CERTIFICATE PROGRAM

The HRM Graduate Certificate program is an online, course-based program with an in-person orientation week (orientation is virtual for 2022).

Program Requirements

This program consists of a cohort orientation program on the Burnaby campus, course requirements and a thesis for a minimum of 38 units. Students are expected to complete the program requirements in six (6) terms, but have up to nine (9) terms.

Students complete all of

  • Participation in the Program orientation in the first week of fall term classes to introduce students to their cohort, Program faculty, Program goals and course delivery format, thesis requirements, and British Columbia as a context for heritage resource management practice.
  • HRM Law and Policy (5) – ARCH 531 – Fall Term
  • HRM Practice and Ethics (5) – ARCH 541 – Fall Term
  • HRM Business Management (5) – ARCH 551 – Spring Term
  • HRM Research Design and Methods (5) – ARCH 561 – Spring Term

Program Calendar

Term 1 - Fall

ARCH 531 - HRM Law and Policy

Course Description
This course provides a broad survey of international heritage authorities and rules with an emphasis on HRM policy in Canada and the United States. Particular attention is given to how the development of rules and organizations affect archaeological practice.

Course Details
Approximate time commitment: 10 hours weekly
Typical assignments include weekly readings, discussion and exercises.

By completion of this course, successful students will be able to:

  • identify principal international/North American legal authorities and their impact on the field of HRM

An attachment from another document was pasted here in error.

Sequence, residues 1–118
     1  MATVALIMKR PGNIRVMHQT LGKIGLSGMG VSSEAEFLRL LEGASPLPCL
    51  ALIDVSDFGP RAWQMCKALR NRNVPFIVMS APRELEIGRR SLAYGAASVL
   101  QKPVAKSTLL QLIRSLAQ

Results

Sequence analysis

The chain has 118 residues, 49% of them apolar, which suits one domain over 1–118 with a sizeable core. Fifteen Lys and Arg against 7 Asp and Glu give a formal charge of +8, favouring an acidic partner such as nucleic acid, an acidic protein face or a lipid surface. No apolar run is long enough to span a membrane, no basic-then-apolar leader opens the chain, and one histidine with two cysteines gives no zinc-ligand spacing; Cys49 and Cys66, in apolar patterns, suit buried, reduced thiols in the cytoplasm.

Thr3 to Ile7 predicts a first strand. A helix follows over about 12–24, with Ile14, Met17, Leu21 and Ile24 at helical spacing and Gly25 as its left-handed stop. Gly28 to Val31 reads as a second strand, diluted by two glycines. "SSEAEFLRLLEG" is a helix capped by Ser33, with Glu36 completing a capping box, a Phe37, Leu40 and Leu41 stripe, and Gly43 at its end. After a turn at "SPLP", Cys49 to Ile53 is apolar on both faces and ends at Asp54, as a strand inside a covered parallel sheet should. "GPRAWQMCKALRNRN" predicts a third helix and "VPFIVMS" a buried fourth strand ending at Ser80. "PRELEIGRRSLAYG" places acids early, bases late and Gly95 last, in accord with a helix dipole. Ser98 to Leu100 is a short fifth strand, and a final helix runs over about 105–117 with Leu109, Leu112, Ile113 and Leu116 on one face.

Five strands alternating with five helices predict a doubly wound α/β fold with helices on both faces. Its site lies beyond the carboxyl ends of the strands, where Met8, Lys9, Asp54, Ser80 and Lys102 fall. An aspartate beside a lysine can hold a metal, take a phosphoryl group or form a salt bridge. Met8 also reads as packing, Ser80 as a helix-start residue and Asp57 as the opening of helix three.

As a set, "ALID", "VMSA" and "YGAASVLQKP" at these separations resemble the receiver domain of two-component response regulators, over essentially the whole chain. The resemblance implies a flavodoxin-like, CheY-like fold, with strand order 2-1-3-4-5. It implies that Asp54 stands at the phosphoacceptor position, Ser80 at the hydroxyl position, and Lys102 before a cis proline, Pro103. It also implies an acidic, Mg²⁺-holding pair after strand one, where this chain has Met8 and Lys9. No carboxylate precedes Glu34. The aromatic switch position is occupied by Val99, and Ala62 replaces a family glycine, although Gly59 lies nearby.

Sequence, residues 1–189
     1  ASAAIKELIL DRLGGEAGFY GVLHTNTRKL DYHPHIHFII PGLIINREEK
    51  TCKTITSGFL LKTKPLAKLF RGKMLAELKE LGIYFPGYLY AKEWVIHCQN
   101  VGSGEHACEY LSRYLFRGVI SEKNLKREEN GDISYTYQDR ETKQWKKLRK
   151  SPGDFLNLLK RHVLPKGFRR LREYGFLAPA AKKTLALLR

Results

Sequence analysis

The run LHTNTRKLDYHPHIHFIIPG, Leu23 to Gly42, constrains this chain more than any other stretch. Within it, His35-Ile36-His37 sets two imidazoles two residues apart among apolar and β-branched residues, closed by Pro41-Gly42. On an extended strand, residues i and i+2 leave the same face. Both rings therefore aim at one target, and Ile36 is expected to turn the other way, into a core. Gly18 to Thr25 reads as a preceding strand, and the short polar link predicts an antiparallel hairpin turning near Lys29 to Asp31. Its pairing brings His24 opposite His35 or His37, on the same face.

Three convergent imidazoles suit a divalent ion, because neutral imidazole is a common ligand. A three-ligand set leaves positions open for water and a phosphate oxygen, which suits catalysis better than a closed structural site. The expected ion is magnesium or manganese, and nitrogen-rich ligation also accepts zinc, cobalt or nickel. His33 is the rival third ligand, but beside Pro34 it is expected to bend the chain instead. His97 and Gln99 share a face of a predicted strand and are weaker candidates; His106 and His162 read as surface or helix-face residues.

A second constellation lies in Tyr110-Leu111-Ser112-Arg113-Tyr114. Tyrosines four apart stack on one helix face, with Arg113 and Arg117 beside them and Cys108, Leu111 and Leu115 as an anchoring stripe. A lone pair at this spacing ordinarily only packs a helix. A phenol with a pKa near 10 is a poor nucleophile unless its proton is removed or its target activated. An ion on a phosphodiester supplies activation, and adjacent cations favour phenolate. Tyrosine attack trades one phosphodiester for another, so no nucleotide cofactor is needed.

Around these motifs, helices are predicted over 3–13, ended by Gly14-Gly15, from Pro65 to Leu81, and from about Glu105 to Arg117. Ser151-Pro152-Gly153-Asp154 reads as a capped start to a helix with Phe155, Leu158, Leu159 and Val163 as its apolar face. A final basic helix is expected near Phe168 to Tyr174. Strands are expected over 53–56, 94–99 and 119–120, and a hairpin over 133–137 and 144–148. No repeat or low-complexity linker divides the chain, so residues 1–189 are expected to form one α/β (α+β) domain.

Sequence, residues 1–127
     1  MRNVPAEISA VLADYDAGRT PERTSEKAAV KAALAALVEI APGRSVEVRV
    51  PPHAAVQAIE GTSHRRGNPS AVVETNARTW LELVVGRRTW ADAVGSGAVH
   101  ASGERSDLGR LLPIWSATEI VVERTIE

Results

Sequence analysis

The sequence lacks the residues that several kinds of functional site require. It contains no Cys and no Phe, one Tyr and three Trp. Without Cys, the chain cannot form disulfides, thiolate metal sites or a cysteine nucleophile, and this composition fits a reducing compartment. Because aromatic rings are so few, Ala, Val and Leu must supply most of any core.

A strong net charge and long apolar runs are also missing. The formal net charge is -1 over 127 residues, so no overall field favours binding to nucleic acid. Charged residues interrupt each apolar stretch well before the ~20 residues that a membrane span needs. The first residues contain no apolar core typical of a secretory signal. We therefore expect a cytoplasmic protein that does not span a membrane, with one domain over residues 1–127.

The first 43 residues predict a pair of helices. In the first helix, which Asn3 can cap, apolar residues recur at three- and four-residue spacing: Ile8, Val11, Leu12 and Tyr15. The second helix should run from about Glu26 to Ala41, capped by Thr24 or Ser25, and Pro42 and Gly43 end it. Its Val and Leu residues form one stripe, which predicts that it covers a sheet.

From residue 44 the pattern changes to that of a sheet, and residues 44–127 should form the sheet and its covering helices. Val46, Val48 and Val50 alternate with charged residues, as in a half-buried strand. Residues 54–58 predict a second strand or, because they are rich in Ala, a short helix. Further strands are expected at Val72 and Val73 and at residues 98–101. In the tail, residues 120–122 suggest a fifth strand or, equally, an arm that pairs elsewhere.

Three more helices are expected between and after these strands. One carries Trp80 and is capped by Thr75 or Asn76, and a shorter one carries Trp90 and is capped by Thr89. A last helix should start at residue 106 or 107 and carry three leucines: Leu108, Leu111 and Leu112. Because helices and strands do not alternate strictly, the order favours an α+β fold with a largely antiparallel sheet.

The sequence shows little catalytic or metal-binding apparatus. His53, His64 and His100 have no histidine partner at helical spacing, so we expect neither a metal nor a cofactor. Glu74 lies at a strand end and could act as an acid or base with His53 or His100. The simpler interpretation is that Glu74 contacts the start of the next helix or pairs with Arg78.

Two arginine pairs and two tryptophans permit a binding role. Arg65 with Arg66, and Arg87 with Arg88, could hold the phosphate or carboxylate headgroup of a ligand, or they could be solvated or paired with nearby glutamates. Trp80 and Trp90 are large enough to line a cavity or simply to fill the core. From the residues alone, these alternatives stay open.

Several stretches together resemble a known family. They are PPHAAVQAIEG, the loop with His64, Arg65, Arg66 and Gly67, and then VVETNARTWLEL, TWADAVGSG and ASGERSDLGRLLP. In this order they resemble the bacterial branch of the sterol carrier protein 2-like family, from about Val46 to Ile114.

• explain the essential roles of law and policy in HRM process and practice

ARCH 541 - HRM Professional Practice and Ethics

Course Description
This course focuses on the complexity of operating within an HRM field characterized by overlapping, and at times contradictory, professional standards and ethics. The emphasis is on opportunities to add value to knowledge creation and mobilization through creative engagements with clients, Indigenous and local communities, governments, partners, and publics.

Course Details
Approximate time commitment: 10 hours weekly
Typical assignments include weekly readings, commentaries and blogging.

By completion of this course, successful students will be able to:

  • identify the principal ethical standards in HRM work
  • explain the roles ethics play in the professional HRM practice in archaeology and HRM
  • negotiate common ethical dilemmas in HRM, especially in relation to Indigenous peoples 

Term 2 - Spring

ARCH 551 - HRM Business Management

Course Description
This course contextualizes the business of HRM by targeting five clusters of essential concepts and tools in business management -- accounting and finance; marketing, sales, and contracting; human resources, labour, economics, corporate governance, and risk management; business operations and project management; and business models, innovation, and globalization.

Course Details
Approximate time commitment: 10 hours weekly
Typical assignments will ask students to solve business management problems grounded in HRM case studies.

By completion of this course, successful students will be able to: